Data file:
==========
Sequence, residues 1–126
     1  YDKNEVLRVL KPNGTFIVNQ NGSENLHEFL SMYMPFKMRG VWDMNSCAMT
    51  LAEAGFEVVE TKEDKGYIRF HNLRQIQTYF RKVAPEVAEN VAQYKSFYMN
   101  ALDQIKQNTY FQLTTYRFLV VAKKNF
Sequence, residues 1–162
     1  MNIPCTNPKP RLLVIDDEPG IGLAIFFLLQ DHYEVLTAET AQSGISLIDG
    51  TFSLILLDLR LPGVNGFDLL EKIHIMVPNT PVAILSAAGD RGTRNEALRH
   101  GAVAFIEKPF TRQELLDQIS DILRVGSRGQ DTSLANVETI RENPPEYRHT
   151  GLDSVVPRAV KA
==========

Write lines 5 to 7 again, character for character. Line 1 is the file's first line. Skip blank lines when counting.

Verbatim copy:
Sequence, residues 1–162
     1  MNIPCTNPKP RLLVIDDEPG IGLAIFFLLQ DHYEVLTAET AQSGISLIDG
    51  TFSLILLDLR LPGVNGFDLL EKIHIMVPNT PVAILSAAGD RGTRNEALRH